Wellington Scoop

Laidlaw welcomes LGWM report: “mass transit corridors fundamental”

Press Release – Wellington Regional Council
Greater Wellington Regional Council Chair Chris Laidlaw welcomes today’s Let’s Get Wellington Moving report and says he’s heartened by much of the public feedback received around future transport scenarios.

“We have had excellent response from the public on ways to solve Wellington’s future transport problems and improve the livability of the city. The scenarios provide a good base to get the right combination of measures.

“This is a once in a lifetime opportunity to create a step-change in the transport network to support the aspirations for the development of the city and we support the need to be bold and ambitious in our approach.

“The themes identified in the report reflect the priorities outlined in the Regional Long Term Plan. They are critically important to reducing congestion at the key pinch points around the city.

“For Greater Wellington the identification of clear and uncluttered mass transit corridors is fundamental to the whole exercise.

“We also need the capacity to introduce demand management tools to help shift the balance between public and private transport. I’m delighted that all this is now really possible under these scenarios.

“From the feedback given, Let’s Get Wellington Moving will now develop a programme of investment and plan to report back to us in June. When that information is publicly released people will have another opportunity to have their say. We have one chance to get this right so the more input we receive from the public the better.”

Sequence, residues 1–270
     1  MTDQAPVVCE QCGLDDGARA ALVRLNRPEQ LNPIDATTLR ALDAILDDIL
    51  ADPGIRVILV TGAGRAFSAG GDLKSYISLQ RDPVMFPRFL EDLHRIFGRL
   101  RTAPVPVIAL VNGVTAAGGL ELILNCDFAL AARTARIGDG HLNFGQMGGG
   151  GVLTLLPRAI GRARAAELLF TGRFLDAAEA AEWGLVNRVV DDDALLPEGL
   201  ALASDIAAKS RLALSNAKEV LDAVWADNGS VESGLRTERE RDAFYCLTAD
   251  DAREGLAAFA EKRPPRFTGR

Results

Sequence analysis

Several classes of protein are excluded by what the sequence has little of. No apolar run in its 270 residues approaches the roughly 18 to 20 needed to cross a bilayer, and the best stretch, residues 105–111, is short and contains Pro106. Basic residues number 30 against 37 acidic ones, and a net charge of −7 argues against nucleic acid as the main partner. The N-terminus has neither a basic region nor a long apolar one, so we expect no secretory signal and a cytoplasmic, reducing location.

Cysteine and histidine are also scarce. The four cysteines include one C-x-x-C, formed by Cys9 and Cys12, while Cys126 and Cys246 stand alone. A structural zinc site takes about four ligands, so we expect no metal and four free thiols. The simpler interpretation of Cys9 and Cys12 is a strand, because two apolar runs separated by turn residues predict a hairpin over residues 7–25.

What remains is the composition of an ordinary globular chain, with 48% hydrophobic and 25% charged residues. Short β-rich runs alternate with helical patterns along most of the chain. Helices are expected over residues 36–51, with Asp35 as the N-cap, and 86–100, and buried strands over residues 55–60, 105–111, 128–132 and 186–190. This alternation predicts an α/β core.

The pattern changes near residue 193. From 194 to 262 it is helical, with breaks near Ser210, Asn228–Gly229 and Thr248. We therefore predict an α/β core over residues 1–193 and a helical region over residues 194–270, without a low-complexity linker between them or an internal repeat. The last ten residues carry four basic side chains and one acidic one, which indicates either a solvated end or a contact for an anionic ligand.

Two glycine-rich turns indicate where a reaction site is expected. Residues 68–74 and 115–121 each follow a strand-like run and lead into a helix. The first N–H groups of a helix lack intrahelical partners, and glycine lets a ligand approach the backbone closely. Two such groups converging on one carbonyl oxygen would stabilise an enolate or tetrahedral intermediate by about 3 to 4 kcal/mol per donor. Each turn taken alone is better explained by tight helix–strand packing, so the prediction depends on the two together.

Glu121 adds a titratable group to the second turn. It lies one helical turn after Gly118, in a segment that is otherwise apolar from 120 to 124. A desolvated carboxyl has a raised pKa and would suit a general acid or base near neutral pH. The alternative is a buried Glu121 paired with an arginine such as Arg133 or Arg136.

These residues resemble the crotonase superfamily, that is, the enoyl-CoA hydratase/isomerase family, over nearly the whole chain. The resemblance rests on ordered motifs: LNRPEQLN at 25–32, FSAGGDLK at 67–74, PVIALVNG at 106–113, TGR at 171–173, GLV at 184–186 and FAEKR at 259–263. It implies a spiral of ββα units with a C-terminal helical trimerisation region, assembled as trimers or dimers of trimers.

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1 comment:

  1. Sam Donald, 16. March 2018, 12:09

    According to the ‘Fundamental law of road supply’ (a term coined by Duranton & Turner in their 2011 research): An increase in road supply leads to an increase in vehicle demand. This is not what Wellington wants if it is to be a liveable, sustainable city, free of traffic congestion. Electric autonomous cars are not a solution for Wellington’s limited space, which needs to be shared efficiently to accommodate the current transport demand and the expected 50,000 – 80,000 more residents likely to call Wellington home over the next few decades. LGWM needs to look beyond the ‘tick box’ scenarios and listen to the values expressed in the feedback which call for a city not dominated by cars. Light rail was shown to be far more popular than bus rapid transit, and that’s without it even being put forward as a clear option. Scenario A+ equals walking, cycling, rapid mass transit (in the form of light rail with a route which avoids the Basin Reserve) and road pricing without new roads or road tunnels being required and is likely to be around half the cost of Scenario D. Lets instigate a future for Wellington of sustainable, integrated, fast, attractive transport that is a true alternative to more roads and the inevitable increase in cars that would come with them!